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Snopes on Reggie the Dog


I knew the previous post on Reggie the Dog was fictitious when I posted it. It is a great story regardless…. even more so as evidenced by the way Snopes treats it. They are usually none too kind.

From Snopes…

Origins: Those who serve with the U.S. armed forces often face difficult choices when they receive orders deploying them overseas. Not only do they have to prepared to be parted from their loved ones and make arrangements regarding the storage of personal possessions, but they may also face the problem of finding proper caretakers for their pets — not all of those serving in the military have people they can leave their beloved animal companions with. Some locate appropriate foster families that will care for their pets until their return, some give up their critters for adoption at shelters, and some may even (as a last resort ) turn them loose to fend for themselves.

(There are services that will assist those departing for overseas duty with the process of finding good temporary homes for their pets. Both “Operation Noble Foster” and NetPets.org’s “Military Pets Foster Project” are recommended by the U.S. Department of Defense. If you’re looking for a way to help those who are serving their country in Iraq and Afghanistan and have room in your life for an extra cat or dog for the duration of someone’s tour of duty, do consider opening your home to a military pet.)

While the Reggie the dog tale  began hitting our inbox in August 2009, our earliest online sighting of it dates to an August 2008 message board post. As to the core question of whether it’s a true story, accepting it as literally true requires the reader to believe in a chain of improbable circumstances: that a no-kill shelter would agree to indefinitely serve as an unpaid kennel service, that a dog owner would turn over his pet to the long-term (and possibly permanent) care of others without telling anyone its real name, and that a dog’s adoptive owner would accept a “sealed letter from his previous owner” and simply toss it aside without bothering to open or read it. This string of contrivances smacks more of a fictional plot device than a literal account of a real-life occurrence.

Moreover, none of the verifiable details checks out as given in the narrative. Many different web sites record and honor the names of all U.S. service personnel killed in Iraq and Afghanistan, and we could find no one by the name of Paul Mallory listed among the casualties on any of them (including the Iraq Coalition Casualty Count’s iCasualties.org and the Washington Post’s Faces of the Fallen), nor could we turn up any confirmatory news account of the death of a U.S. serviceman named Paul Mallory.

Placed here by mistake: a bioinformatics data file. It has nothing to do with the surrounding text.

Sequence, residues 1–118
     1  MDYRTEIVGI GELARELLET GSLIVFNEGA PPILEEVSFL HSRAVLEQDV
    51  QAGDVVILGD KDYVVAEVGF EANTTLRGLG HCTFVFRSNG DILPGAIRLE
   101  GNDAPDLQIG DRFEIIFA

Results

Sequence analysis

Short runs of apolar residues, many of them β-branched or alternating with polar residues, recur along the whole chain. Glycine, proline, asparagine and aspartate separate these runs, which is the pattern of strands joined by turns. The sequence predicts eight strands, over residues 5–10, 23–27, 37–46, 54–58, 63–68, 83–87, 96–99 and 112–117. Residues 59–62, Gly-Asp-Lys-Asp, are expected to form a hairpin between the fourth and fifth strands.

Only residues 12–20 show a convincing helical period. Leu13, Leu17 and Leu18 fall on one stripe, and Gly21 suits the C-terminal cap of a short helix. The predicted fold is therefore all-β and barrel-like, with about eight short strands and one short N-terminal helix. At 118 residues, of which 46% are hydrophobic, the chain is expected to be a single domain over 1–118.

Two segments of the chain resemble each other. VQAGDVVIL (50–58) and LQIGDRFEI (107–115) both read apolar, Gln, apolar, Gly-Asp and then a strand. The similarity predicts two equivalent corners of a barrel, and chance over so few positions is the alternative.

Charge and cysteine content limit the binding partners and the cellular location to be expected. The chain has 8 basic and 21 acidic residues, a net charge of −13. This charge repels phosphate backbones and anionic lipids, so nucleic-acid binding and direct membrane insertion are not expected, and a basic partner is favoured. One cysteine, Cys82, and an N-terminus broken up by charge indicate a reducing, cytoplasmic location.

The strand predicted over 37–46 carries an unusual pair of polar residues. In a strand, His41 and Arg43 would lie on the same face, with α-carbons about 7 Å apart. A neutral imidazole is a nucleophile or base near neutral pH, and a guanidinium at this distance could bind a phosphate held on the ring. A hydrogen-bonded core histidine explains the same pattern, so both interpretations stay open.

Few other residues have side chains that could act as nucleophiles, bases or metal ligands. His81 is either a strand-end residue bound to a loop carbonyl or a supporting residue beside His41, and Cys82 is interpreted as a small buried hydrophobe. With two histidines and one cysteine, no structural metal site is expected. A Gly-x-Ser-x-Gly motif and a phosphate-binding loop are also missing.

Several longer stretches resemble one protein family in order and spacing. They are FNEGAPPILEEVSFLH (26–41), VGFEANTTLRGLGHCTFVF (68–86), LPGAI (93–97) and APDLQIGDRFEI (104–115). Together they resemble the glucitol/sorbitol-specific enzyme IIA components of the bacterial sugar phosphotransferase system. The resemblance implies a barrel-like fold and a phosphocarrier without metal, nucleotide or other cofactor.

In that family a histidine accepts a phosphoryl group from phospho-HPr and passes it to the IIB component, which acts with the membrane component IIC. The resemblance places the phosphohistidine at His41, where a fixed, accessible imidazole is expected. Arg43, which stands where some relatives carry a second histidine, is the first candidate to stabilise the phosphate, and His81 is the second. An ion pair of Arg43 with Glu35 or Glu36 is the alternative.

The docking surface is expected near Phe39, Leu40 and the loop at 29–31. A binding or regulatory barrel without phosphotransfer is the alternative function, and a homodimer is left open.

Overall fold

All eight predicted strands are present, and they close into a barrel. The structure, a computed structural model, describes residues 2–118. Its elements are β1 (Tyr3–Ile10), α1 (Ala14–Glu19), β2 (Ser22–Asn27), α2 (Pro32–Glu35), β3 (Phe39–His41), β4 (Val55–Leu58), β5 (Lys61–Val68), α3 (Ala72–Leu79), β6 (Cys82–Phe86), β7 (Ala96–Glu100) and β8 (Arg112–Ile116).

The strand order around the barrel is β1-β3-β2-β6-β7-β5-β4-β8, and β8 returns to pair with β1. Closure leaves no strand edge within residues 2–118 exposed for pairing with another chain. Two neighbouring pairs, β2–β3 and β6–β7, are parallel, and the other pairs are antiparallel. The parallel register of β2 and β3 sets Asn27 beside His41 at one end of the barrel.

Even if we proceed on the assumption that “Paul Mallory” is a pseudonym, the details still don’t check out. The narrative describes Reggie’s original owner as having posthumously received the Silver Star after being killed in Iraq, as having never been married, and as having no living parents, siblings, or other relatives with whom he could have left his dog while he was deployed overseas. We meticulously checked the Silver Star database at the HomeofHeroes.com web site and located obituaries for every single U.S. service member (from all four branches) who was listed there as having posthumously received that award in connection with his service in Iraq, and every single such recipient was described in his obituary as having left behind some combination of parents, siblings, wives, and children — not one of those fallen heroes was unmarried with no living parents or siblings.

However, that the story may not be literal truth doesn’t prevent it from being figurative truth. Those who serve overseas do so at the cost of great personal sacrifice. A tale such as this — literal truth or not — serves to remind us all of how much they give and how much we owe them.

Barbara “tanks for the reminder” Mikkelson

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Snopes on Reggie the Dog, 8.9 out of 10 based on 7 ratings
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